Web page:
The number of asylum seekers in the European Union, Switzerland, and Norway went up by a significant 28 percent in the first half of 2023. This is as compared to the same period of the previous year, according to statistics recently released by the European Agency for Asylum (EUAA).
There were 519,000 submitted requests between January and the end of June alone, the EUAA estimates. Prior to the end of the year, requests could surpass a million.
The top countries that asylum seekers come from this year include Syria, Afghanistan, Venezuela, Turkey, and Colombia. These few nationalities alone account for 44 percent of total asylum requests. Though they are not necessarily among the more obvious countries of migration or even among the top countries migrants stem from, illegal migrant numbers could be much higher.
Asylum Seekers, They Really Are Increasing That Much
The spike in the number of asylum seekers is quite unique and comparable only to that of the first halves of 2015 and 2016, when Europe was faced with a mass exodus on its Southern shores, as migrants fled the peak of the Syrian conflict. Back then, asylum requests had reached 1.3 million in 2015 and 1.2 million in 2016. In 2022, the number of asylum requests was down to 994,945.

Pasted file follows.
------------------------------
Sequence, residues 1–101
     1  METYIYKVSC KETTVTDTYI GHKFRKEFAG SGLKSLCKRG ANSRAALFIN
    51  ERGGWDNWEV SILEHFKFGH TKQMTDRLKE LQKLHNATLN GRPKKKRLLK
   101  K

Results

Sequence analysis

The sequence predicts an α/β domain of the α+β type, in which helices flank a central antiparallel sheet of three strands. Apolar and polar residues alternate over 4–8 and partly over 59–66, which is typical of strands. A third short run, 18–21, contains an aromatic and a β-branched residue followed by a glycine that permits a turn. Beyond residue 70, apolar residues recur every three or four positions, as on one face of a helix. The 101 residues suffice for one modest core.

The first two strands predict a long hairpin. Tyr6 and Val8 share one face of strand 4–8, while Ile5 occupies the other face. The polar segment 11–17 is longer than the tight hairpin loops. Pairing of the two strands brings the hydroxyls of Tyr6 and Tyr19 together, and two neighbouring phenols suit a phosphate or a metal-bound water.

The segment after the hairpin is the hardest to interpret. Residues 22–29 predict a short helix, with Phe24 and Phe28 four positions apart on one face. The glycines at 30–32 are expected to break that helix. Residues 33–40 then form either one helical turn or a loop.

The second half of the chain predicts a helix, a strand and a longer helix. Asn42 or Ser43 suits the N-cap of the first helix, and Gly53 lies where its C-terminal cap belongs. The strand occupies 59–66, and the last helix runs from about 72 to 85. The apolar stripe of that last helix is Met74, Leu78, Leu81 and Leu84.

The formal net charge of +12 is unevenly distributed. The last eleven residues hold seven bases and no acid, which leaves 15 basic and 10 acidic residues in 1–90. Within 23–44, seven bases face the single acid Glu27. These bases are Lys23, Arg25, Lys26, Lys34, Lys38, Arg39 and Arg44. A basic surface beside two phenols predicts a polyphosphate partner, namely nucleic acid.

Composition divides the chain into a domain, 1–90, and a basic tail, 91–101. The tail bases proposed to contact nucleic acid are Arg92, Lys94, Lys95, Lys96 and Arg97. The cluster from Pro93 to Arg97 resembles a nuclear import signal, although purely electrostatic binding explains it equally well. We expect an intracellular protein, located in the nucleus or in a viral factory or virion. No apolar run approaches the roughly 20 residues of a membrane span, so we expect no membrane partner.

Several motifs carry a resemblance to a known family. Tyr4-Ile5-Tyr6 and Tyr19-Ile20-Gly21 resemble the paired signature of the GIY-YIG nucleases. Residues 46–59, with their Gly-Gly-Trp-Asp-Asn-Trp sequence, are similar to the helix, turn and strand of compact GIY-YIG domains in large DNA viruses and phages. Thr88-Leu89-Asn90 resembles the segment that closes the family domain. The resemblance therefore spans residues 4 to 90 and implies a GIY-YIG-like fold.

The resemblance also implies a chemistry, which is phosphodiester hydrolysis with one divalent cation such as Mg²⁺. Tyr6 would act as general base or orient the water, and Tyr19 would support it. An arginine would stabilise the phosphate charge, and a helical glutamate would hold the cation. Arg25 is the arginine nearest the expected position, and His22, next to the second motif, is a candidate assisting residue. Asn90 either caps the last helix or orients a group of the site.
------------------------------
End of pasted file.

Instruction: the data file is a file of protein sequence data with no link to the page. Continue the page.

These continue to be impressive numbers, but they are bound to become unpredictable quite soon. Europe seems to not be seeing an end to the increase in people who migrate to and seek asylum in its member states.
Germany is the country with the most number of requests this year (30 percent of the total ones), followed by Spain (17 percent), and France (16 percent). This significant spike is putting pressure on European countries and their ability to process requests bureaucratically. It is also making it challenging to deal with funds needed to guarantee asylum to millions. The number of files awaiting a response has also skyrocketed by 34 percent as compared to 2022.
EUAA has declared that around 41 percent of requests have received an immediate positive response. This number is bound to increase and will have to be dealt with. On top of this, four million Ukrainians are currently making use of the ad hoc temporary protection the EU has granted them. Although they are deemed to be a separate issue, they have been dealt with through the same systems, placing immense pressure on them.
The EU has recently upheld its decision to keep granting Ukrainians access. It is looking into funding for its bureaucratic apparatus that keeps growing in a world that has radically changed.